Please note this was posted for April 1, 2015.
I came across a recently released study in Child Psychology and Psychiatry Review from Cambridge University that blew my mind. And not many things blow my mind since I have four kids 4 years and under since my mind’s already in pieces all over the tri-state area.
This was a longitudinal study (which means they studied participants for a long period of time, this study was done over 30 years) following the lives of 564 people from birth to their 30th birthday. Researchers met with the baby’s parents initially and recorded habits, beliefs, values, etc. of the family and then met with the children as they grew and came of age.
Researchers and participants met yearly, and the goal was to determine what key characteristics families had in common that correlated strongly with adult success. They defined adult success (this was their definition, mind you,) as having long-term fulfilling relationships, stable careers, reliable income (national average and up) with regular contributions to their retirement funds, and a minimum of a career qualification or college education.
After following the participants for 30 years and closely studying those deemed “successful” by the above definition, they found 4 strong key predictors of success. Out of 313 participants in the study who met their criteria for success, their early home life had the following four things in common.
1. Lack of rules and boundaries.
From the participants’ early years, many parents told researchers they didn’t believe in having “house rules” or other rigid restrictions on the kids. About four out of five kids in the study who were deemed “successful adults” actually told researchers they were allowed to do whatever they wanted from an early age. This included staying up late on school nights, watching as much of whatever kind of TV or movies they wanted (because there weren’t iPads when we were kids, ha), and even being treated by their parents as equals. Which you know what I think about that, read my post on be the parent, not the friend.
47 of the 313 participants classified as “successful adults” called their parents by their first names for as long as they can remember. 36 of those 47 went on to become executives or run their own businesses. So if you want to be your own boss, call your parents by their first names…
2. Parents were against chores and pro-allowance.
Of the 313 families that produced “successful adults” more than 70% did not require their kids to do any household chores (clearly they hadn’t read my post on what 2 & 3 year olds can actually do on their own). Aside from the basic things kids learn to do for themselves, most weren’t asked to do laundry, the dishes, or even straightening their room.
One “successful” participant said of his childhood, “My mom just did everything. She said it was her pleasure to give me a carefree childhood, and I agree. Being free from obligations and burdens at a young age helped me really be ready for them when I got older.” …I can’t even…
Of the 313 successful adults, the overwhelming majority were given a weekly allowance above that of their peers. When the children were asked about their allowance, spending habits, and how it compared to their friends at school, many said they got twice or even three times as much. And over half were not required by their parents to save or budget a penny.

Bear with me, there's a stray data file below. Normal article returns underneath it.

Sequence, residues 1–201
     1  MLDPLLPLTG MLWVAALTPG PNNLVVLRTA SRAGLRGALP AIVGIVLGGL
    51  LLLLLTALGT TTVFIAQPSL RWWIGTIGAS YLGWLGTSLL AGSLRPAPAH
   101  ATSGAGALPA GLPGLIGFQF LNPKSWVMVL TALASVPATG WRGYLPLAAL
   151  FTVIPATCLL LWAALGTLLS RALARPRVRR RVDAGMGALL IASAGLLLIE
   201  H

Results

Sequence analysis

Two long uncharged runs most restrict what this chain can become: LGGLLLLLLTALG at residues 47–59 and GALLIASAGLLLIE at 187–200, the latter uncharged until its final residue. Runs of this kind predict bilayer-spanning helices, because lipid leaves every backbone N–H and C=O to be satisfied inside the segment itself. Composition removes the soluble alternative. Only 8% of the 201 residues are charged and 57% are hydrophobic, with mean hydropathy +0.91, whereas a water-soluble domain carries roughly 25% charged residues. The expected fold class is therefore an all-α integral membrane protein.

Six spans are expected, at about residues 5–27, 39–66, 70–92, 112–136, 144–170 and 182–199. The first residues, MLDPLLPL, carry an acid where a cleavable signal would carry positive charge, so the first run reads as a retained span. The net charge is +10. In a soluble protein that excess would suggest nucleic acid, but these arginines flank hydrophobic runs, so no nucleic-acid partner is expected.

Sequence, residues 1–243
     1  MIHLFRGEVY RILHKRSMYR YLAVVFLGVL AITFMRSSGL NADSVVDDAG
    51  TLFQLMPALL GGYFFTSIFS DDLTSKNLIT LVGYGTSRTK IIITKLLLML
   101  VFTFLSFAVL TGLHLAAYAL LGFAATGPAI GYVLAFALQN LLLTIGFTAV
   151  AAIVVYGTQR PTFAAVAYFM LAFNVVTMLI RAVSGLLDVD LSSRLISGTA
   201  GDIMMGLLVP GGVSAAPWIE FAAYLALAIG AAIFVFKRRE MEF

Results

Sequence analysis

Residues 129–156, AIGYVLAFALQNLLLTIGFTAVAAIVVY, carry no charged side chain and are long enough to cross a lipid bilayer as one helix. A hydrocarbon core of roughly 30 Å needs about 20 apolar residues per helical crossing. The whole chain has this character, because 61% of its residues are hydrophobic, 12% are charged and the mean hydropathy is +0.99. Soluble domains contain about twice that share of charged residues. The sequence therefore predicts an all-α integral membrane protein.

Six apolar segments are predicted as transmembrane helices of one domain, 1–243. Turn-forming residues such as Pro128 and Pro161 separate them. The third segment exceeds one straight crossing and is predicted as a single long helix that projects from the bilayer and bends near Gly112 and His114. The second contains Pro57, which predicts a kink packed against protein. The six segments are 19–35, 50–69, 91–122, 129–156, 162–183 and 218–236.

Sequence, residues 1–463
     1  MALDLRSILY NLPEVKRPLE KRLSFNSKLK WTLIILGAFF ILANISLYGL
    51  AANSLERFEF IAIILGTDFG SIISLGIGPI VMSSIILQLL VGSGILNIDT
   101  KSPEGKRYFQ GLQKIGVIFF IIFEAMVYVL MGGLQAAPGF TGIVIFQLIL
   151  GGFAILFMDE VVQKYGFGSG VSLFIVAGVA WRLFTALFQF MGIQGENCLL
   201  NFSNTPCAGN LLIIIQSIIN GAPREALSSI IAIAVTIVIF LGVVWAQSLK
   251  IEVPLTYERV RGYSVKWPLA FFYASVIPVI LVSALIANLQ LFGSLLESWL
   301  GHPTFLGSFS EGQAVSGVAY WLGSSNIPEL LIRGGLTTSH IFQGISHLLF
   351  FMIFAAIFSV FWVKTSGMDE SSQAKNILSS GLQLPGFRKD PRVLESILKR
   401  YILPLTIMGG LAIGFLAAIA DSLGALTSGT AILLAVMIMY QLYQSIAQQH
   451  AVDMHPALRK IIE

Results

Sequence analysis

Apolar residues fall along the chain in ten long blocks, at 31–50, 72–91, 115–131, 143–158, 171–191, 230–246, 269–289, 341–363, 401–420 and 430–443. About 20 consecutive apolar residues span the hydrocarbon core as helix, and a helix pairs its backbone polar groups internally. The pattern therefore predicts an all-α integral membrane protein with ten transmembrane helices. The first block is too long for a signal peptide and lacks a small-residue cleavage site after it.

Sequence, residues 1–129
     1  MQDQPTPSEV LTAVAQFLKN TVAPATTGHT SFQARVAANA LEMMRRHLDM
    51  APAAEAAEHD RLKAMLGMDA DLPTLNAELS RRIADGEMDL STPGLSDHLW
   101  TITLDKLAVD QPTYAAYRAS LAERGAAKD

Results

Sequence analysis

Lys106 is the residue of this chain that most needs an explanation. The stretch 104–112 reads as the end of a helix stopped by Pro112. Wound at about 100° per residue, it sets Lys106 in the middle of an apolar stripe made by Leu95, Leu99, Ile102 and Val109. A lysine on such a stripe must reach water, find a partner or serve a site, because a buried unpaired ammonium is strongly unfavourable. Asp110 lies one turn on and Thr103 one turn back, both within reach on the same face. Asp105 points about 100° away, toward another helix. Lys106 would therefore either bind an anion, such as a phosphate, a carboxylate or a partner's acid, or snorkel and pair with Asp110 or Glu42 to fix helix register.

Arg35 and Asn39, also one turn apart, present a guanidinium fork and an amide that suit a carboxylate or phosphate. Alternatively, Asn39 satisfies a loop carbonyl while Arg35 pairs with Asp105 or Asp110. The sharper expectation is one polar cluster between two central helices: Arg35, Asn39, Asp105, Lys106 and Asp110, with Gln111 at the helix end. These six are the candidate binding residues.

3. There were no rules regarding behavior between siblings.
I found this part interesting because I have 4 kids. Of those who were deemed successful 69% had 2 or more siblings. Of that, over half reported strained sibling relationships with little intervention from parents. At the age of 5, one participant told the researcher, “My big brother is a bully and sometimes locks me out of the house or scares me at night. Mom just tells me to toughen up.”
Surprisingly, many of the other “successful adults” told similar stories throughout the years they were interviewed. They said that there were few, if any, “house rules” about hitting, kicking, fighting, stealing, or respecting others’ things. A handful reported being physically beaten up numerous times throughout their formative years. Then, if you can believe it, when asked as adults how this lack of intervention affected them, they said they thought it was good preparation for the future. (See my post on the effects of rejection in children).
4. Parents purposely downplayed academic performance.
We all know success isn’t necessarily dependent upon your education, and this study supports this though from a different angle. Many parents of the successful adults actually let children out of many academic requirements, didn’t help or require them to do their homework, and were comparatively relaxed about school attendance.
Instead of encouraging their kids to meet their deadlines, try their hardest (my personal thoughts on perseverance and effort), and make long-term decisions, parents of the study’s successful adults let their kids to do as little as they could to get by. One participant (a current CEO of a medium sized business) said his mother would tell him it didn’t matter if he skipped assignments and got C’s or D’s as long as he was having fun. High school only happens once, after all. For.the.love…
So according to Cambridge…
Basically this study shows the strongest predictors of success in adults being lack of boundaries, responsibilities, and behavior expectations from a young age. Who would have thought? I guess I need to keep my day job and shut down the blog’s archives since I’ve got my kids clearly on the wrong path. And, honestly, I’m not quite sure who exactly they were studying, but it sure surprised me. Read the full research report here.
What do you think?